Regarding the comment above: I think this might be more of a "feel" thing than how the AWD system is actually working. You can call up a display of how the AWD system is working in the left instrument cluster screen. This shows that the Fusion Sport sends power to the rear wheels even under moderate acceleration. Under normal driving it's often sending half the power to the rear wheel under conditions that could not have induced any wheel slippage. In short, this isn't a "slip and grip" system; they seem to have set it up to engage based on the throttle rather than wheel slippage.
 

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Now that some used FS are starting to come on the market, you can buy a 10,000 mile FuSP for $32-34k, vs a 10k Golf R for $39k without lane departure (not available) vs a $43 S3 or a $46 S4. At best, that's almost $14k difference for the same basic package AND true cost to own suggests the difference will balloon to $23k over 5 years. Yeah, the S4 is a LOT more hard-core and will eat an untuned FS for lunch, but at almost 80% more cost over 5 years it's in a completely different category!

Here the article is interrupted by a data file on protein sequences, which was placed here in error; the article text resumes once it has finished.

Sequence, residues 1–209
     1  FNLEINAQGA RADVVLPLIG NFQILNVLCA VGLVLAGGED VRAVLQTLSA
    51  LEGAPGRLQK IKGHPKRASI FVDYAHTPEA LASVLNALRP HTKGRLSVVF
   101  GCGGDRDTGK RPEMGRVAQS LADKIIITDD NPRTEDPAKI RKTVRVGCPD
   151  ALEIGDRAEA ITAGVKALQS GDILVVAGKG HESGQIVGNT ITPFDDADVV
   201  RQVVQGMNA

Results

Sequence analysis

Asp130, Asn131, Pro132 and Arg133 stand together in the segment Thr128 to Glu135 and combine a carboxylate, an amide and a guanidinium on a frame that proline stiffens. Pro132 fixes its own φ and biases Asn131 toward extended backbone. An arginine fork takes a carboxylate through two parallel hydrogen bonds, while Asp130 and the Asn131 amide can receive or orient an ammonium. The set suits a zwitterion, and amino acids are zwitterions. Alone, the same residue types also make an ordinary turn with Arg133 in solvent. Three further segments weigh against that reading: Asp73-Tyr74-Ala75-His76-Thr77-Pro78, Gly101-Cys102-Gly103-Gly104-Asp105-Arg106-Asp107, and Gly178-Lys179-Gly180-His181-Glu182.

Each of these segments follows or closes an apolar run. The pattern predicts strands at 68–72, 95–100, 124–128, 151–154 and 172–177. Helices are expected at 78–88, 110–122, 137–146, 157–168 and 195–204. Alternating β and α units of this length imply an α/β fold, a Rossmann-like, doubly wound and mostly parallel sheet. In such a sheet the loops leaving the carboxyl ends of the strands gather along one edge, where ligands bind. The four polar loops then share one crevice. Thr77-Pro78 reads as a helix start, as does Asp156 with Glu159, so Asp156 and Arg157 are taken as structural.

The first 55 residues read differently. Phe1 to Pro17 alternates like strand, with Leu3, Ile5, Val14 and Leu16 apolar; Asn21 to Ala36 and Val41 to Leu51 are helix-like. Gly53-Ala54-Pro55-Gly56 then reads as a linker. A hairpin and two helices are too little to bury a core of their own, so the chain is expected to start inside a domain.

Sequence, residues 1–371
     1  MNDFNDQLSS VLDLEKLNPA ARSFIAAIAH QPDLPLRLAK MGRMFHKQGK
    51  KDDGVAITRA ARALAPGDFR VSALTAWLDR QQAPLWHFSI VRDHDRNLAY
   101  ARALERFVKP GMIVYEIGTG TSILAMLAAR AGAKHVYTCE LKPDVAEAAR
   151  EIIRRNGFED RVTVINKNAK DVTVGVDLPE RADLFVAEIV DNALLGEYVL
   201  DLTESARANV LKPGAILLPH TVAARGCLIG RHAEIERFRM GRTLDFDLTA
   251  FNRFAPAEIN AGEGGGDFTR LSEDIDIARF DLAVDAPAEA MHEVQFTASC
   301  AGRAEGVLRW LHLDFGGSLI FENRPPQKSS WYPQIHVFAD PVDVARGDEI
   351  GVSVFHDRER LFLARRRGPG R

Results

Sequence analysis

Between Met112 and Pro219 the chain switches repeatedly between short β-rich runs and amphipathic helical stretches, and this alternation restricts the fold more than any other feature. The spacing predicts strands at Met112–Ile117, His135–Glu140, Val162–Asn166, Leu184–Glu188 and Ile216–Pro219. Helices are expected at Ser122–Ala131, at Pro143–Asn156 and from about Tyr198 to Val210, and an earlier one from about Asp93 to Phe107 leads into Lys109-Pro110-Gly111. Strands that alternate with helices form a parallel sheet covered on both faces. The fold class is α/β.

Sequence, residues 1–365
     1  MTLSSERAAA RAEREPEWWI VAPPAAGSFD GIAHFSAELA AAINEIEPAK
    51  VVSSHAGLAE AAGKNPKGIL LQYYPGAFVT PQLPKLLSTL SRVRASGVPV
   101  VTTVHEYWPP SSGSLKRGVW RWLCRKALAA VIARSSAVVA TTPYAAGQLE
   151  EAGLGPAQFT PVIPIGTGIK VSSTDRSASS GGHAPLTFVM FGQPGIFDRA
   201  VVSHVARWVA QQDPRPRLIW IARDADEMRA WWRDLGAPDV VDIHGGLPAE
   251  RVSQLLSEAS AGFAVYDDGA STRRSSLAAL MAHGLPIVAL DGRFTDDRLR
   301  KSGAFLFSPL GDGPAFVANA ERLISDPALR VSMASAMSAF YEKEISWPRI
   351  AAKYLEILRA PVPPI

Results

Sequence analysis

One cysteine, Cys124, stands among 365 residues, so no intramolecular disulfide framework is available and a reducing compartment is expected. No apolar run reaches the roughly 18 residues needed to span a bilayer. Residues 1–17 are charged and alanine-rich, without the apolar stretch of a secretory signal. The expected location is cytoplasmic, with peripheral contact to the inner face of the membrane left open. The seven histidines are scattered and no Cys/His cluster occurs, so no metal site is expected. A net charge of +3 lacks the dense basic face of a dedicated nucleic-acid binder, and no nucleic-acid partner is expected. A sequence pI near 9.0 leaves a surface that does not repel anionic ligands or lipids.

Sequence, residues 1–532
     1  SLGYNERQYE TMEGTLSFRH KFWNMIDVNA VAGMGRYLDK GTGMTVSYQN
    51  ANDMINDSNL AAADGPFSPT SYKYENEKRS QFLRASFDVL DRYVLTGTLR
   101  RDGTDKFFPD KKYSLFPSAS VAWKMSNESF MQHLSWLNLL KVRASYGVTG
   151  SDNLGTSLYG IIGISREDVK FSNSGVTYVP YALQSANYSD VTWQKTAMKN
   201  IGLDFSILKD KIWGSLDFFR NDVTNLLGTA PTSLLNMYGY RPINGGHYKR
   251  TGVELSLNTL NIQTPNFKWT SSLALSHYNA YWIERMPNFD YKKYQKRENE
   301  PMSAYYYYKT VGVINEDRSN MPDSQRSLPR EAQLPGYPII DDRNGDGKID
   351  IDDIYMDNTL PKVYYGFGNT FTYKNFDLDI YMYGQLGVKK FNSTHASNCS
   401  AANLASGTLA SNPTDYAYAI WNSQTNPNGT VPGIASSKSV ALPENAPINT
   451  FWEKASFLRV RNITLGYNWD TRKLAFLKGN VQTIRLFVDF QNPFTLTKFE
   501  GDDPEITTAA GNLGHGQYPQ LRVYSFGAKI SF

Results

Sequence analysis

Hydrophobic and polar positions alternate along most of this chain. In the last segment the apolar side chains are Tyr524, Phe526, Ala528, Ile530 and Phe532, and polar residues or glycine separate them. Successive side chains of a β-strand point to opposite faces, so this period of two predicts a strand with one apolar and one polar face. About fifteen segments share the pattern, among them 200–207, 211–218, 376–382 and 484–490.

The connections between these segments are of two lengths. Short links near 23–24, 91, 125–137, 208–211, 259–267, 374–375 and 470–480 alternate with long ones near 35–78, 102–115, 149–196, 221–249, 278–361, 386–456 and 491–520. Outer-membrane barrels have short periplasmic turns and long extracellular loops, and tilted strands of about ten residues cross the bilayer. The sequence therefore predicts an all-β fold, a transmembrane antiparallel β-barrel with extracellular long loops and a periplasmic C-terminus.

Yeah, I've almost convinced myself. Question is, will I be happy enough to sell the GTO, or will I want to hold onto both?
 

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A lot of comparisons are being made with the Audi A4 and the BMW 3-series, with the FuSpo falling behind because it's heavier, less nimble, etc. I don't think that is a fair comparison though. A4 and 3 series are compact cars. Fusion is a mid-size car. Of course the compact cars are lighter on their feet and handle better.

A more accurate comparison would be with an A6. Similar size and weight. I've never driven an A6, but the numbers would suggest it would out perform the FuSpo (at least with a stock tune), but now we are talking more than a $20k+ difference after comparable options.

I would have paid more for an A4, I loved driving it. But I am tall and have kids. I wanted good head and leg room, a large back seat, and large trunk. The A4 didn't have all that. The A6 was better sized but more expensive.

If I had gone with a smaller car, I'd be driving my wife's car more often when I have the kids or hauling stuff. Ford did well, because I get to drive a "fun car" all the time.
 
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I bought either the first or near the first FuSpo in DFW relying on FMC marketing hype and articles in the media. I had a 2015 Fusion SE with the 2.0 Ecoboost previously. I was unhappy with the new car for a number of reasons and after about 4 months decided to fix the car to my wants rather than take the big depreciation hit. I'll be happy when the suspension and engine aftermarket comes alive. cockerdogs